My son is turning nine soon, and it frightens me. Nine is perilously close to ten, first of the double digits, rubbing shoulders with that phantasm of every parent’s nightmares, puberty. Nine seems like the last hurrah of young childhood before it gradually starts to give way to the moods, interests, and concerns of an older phase of life.
Puberty is the big transformation, of course, but nine reminds me that we’re well on our way towards it. The fact that my son has had a recent growth spurt, now wears my shoe size, and will probably see eye to eye with me before he’s out of elementary school may have something to do with it as well. I know; technically growth happens fastest in the infant and toddler years. But human perception seems to make each successive year go by faster and faster.
Nine may not be a milestone celebration in our family’s culture, but it seems to be causing more than my usual amount of birthday reminiscence. I find myself looking back on moments both big and small—when he learned to walk, talk, and ride a bike; the first day of school; our first family camping trip; any number of sunny afternoons on the playground and bedtime stories surrounded by teddy bears.
I think I am in this extra-reflective state because nine marks the halfway point to 18, when my son will be legally an adult and most likely moving out of our house. The past nine years have flown, and I’m scared of how fast the next nine will go. (I am under no delusions, though—I realize that parenting is in fact a lifetime honor and obligation. But when he hits 18, he starts doing his own laundry.)
I am writing this column in between baking a cake and filling gift bags for his birthday party. Despite the extra work, I am delighted that he has lots of friends who are coming to the party, who like him for who he is, and whose (mostly straight) parents do not mind that we are a two-mom household. That, to me, is one of the key ways we will win equality—not just by laws and court decisions, but by being active and visible in our communities, putting the realities of our everyday lives out there as examples of what it means to be an LGBT family. We can fill kids with sugar and give away cheesy party favors with the best of them. (Contrary to popular belief, not everything lesbians cook contains hummus or granola.)
We have been lucky, I know, living in a state with a good track record on LGBT issues and a generally liberal air. So far, our son has not experienced any negative comments from his classmates about his family. I hope that will last through the years to come—and if it doesn’t, that we have helped him develop the resilience to stand up to any negative comments or bullying that come his way.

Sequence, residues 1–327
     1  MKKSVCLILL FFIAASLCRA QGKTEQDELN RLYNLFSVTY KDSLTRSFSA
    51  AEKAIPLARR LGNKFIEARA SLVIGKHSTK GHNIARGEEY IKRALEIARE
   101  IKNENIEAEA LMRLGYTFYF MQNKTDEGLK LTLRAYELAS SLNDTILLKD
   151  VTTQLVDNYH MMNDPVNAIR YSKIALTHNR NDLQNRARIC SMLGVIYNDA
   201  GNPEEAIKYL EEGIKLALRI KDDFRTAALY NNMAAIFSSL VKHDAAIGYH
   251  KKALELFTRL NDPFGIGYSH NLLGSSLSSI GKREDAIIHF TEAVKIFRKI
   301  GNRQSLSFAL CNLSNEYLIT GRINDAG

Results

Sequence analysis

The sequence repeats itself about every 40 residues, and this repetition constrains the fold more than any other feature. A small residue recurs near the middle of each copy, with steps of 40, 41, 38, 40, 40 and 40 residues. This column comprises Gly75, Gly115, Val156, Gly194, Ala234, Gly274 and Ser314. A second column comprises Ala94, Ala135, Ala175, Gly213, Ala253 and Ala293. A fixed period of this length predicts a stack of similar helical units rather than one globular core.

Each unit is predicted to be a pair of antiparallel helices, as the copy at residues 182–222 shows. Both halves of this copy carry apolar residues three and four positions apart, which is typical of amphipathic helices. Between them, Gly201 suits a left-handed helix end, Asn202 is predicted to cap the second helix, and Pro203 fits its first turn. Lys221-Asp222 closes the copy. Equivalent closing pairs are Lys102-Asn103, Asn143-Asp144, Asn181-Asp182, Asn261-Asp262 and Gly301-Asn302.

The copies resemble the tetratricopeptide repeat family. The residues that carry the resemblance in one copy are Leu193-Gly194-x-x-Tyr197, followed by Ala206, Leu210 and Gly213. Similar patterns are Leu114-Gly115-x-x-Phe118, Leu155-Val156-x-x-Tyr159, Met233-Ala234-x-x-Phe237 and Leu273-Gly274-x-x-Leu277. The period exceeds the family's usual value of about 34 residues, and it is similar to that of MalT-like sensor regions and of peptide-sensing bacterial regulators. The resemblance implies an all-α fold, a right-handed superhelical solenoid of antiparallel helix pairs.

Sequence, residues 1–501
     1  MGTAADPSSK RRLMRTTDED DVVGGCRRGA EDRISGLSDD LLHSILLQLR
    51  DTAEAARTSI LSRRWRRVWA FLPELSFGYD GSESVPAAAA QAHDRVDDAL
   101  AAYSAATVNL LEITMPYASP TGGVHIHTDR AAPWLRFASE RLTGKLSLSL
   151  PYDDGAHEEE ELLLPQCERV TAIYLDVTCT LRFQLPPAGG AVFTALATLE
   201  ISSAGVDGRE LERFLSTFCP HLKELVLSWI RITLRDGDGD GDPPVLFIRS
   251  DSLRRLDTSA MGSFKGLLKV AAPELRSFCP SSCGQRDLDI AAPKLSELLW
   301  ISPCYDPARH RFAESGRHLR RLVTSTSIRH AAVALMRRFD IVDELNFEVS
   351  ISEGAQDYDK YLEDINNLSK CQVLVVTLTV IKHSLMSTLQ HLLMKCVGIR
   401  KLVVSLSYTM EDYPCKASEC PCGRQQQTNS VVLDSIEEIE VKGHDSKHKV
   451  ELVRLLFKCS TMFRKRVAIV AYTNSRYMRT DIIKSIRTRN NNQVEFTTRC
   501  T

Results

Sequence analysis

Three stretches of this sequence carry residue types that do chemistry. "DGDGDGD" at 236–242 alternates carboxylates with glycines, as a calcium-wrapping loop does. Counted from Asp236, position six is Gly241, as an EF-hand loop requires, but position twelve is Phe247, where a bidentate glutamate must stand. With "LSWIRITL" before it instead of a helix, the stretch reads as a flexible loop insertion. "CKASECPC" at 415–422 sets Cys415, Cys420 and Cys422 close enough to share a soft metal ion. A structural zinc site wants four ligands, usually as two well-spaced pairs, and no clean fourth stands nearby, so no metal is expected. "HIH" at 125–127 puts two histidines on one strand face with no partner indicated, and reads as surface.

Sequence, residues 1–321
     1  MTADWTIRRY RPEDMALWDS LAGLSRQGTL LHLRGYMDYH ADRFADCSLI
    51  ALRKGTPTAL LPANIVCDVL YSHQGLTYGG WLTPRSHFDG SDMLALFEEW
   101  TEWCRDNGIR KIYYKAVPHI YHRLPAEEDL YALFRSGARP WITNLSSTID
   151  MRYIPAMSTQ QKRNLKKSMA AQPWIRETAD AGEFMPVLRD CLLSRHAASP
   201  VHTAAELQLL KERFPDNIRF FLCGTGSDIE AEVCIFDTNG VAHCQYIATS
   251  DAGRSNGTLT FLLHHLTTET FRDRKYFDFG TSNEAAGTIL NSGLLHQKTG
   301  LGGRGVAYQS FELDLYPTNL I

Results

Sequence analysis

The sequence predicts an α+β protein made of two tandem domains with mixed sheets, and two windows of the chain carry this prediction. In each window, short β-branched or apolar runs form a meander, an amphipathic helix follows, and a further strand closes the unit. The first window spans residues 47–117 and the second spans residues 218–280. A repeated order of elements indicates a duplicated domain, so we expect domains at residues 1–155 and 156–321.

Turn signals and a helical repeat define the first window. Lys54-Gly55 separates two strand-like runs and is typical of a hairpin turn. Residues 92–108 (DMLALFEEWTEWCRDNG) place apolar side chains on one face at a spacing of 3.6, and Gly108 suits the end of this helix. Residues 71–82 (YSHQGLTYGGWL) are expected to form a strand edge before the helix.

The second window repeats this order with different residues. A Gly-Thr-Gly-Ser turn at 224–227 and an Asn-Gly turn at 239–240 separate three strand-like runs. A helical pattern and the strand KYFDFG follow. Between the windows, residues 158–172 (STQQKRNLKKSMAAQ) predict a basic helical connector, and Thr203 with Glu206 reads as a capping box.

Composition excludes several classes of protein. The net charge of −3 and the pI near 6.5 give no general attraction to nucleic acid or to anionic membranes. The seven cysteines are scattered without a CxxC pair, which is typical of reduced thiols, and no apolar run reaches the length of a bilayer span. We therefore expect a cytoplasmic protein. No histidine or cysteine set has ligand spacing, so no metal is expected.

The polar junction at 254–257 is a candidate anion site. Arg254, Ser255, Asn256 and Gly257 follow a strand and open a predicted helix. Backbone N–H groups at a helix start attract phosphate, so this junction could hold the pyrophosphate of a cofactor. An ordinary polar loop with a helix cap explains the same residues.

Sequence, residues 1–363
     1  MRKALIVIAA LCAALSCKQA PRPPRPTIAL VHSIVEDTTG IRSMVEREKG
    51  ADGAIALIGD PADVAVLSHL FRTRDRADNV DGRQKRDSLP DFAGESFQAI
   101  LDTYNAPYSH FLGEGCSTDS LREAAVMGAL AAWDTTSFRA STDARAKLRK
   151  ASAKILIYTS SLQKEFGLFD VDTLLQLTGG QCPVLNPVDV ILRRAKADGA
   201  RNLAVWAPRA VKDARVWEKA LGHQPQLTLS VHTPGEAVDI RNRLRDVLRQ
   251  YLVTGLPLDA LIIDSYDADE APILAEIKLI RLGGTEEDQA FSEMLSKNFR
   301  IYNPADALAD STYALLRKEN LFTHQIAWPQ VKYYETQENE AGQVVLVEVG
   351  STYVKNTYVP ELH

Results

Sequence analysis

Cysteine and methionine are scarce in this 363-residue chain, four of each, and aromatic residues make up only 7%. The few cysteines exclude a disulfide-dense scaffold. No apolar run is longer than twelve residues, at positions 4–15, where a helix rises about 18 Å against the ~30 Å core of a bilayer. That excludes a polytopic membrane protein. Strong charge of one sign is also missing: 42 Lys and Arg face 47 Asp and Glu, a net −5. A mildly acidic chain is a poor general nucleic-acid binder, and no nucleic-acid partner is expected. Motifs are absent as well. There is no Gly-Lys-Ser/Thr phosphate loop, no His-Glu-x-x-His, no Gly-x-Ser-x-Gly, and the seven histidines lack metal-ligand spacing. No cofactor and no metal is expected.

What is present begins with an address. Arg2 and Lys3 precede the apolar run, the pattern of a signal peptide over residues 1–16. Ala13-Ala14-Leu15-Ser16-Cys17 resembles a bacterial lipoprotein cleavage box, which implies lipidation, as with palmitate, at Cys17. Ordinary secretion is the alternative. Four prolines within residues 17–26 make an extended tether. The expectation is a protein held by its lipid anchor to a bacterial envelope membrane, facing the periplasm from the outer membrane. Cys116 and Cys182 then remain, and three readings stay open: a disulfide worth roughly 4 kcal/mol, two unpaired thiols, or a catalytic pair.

Our son told us he wanted an “Avengers” theme for his party this year—which reminds me that, like many of his peers, he loves superheroes and is just as susceptible to mass merchandising. Watching him with his friends—at school or on the playground—one cannot tell which of them has two moms (or any other particular type of family structure).
I do notice, however, that he is one of few children his age who has invited members of the opposite gender to his party—only about a quarter of the total, but still more than at most of his friends’ parties. He plays with the girls pretty much as with the boys (except that he has developed an amusing tendency to address all his male friends as “Dude”). I hope that this willingness to view girls as friends and equals, not some alien species, continues as he gets older, even if a few friendships may in the future blossom into romance. (From things he’s said, he seems to be straight.) I’d like to think that’s a positive legacy of having two moms, even if it is not exclusive to us.
June is therefore a month of both personal and community pride for me. Despite my complicated feelings about my son turning nine, I am nevertheless filled with pride at the young man he is becoming. I’m proud of my spouse and myself for learning on the fly (as all parents do) and, I think, not doing too bad a job of raising him so far—although the most trying years may still be ahead of us.
I am also proud of the LGBT community for continuing to work, in ways large and small, so that my son—and all children—can grow up into a world more fair and welcoming for everyone.
Now if you’ll excuse me, I have to go frost a cake. It’s for my son’s party—but in a way, it’s for all of us.